We also looked at Monet.  I've done other projects on Monet with the children and this one was different in that we used real flower for stamping our impressions.  I set up two stations for this project.  We had a table with water colours and the children were really applying the paint very quickly.  The idea was to watch the colours bleed together.  There was so much discussion about what happens when blue and yellow mix to make green and red and blue to make purple.  After the water colour was applied we move to the next painting station.

The children applied acrylic paints with flowers.  They absolutely loved pressing the flowers into the paint and then stamping their water colour painting.  the effect was really quite stunning.
 We talked about Monet and his many famous paintings and his style of painting.


 We also experimented with small canvases and rubber bands.  Turns out that was so much easier for the children to use than string.  We had the children wrap the canvases with rubber bands and then we stamped water colour paint on the canvases.  When the stamping was done we threw salt on the painting to see if it would create an interesting effect.


 Another project we did was inspired by our love of metal insets!  I pulled out all kinds of circles for tracing. Rolls of tape of varying sizes and lids from containers and of course our circle metal inset for tracing.  After all the tracing the children were invited to colour in their circles with either marker or water colour paints.  This project was so simple and so very beautiful.  Each child's creation was so very different and beautiful.

 We did a lot of outtings.  We went to water parks, play grounds and to see a puppet show.


 We made marble art with shaving cream and liquid water colour.  I really love liquid water colour.  The colour is so very intense that I've been using it when I make play dough as well. It's so much more vibrant than food colouring.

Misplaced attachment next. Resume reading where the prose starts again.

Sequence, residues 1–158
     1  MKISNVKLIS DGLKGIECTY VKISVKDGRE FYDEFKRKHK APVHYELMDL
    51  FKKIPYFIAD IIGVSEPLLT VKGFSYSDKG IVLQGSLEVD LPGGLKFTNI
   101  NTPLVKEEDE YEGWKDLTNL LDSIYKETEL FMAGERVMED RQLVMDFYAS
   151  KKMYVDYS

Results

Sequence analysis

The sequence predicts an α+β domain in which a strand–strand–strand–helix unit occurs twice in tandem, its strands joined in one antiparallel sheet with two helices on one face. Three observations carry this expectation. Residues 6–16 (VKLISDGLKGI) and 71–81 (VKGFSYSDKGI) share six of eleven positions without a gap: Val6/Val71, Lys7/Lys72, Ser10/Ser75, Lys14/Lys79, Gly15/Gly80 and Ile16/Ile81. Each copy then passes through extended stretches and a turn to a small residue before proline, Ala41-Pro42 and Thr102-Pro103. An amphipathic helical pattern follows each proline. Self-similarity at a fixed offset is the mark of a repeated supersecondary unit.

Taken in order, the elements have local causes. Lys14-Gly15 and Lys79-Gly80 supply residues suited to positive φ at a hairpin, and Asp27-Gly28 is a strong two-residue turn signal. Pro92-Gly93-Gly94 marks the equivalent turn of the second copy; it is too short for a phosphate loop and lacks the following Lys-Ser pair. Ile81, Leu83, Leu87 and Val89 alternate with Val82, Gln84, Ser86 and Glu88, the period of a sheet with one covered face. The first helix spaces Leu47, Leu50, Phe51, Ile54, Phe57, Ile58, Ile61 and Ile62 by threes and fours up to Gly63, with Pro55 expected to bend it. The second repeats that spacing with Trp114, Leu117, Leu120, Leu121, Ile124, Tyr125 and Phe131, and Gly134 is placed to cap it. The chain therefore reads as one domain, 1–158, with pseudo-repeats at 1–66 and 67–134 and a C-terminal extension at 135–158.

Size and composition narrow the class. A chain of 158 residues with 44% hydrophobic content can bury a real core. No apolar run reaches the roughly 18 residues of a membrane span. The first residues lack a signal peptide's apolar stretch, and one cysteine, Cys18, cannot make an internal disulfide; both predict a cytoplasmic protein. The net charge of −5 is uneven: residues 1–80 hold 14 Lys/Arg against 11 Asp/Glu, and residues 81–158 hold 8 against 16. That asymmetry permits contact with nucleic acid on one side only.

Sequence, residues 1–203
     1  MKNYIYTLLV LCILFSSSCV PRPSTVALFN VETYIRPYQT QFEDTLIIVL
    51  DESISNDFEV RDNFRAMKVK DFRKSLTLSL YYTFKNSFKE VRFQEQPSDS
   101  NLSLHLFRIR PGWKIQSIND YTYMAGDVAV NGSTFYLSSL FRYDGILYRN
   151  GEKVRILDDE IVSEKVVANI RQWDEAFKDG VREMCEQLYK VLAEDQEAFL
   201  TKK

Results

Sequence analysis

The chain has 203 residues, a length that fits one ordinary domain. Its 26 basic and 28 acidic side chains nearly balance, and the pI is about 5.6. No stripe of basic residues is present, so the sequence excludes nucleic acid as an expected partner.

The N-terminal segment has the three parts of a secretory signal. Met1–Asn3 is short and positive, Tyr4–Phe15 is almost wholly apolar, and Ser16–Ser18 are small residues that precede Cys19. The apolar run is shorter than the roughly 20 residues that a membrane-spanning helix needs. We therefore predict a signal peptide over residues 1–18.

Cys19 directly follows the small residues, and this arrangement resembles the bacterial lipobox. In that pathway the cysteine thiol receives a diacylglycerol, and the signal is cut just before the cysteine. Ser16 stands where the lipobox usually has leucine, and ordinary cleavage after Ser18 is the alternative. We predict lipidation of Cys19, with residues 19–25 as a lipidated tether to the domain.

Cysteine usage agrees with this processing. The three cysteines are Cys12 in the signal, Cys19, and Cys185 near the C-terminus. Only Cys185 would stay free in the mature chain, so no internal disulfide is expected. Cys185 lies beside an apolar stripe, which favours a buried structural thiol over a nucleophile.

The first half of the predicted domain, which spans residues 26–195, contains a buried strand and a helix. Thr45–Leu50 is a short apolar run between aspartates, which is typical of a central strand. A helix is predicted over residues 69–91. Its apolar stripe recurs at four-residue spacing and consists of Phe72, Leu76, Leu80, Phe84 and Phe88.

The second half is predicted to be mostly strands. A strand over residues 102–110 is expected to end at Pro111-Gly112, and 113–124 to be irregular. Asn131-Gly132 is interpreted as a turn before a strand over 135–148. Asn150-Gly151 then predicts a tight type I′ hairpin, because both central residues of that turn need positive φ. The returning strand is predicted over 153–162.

For this project the children sprayed shaving cream into a large tray and then we used droppers to apply the liquid water colour.  Then the children mixed the colours with tooth picks and popsicle sticks.  We used special water colour paper and pressed it into the shaving cream.  You MUST use water colour paper for this project.  The water colour paper really absorbs the paint and the marbling.  When you lift off the paper you use a scraper to scrape the shaving cream away to reveal a most beautiful marble painting.

 We tried Bubble painting.  Using water colours again and straws and soap to create colourful bubbles.  Once the bubbles were big enough the children pressed their water colour paper on to the bubbles to collect their bubble impression.  This was fun.  It was fun to make the bubbles and then see them appear on the paper like magic!

 We made rainbow fish.  Based on the story Rainbow Fish.  I've had metallic paints for a while that I've been waiting to use.  We used celery to stamp the scales out on the fish and when the paint was dry we had the children go over the fish with orange and blue water colour paints.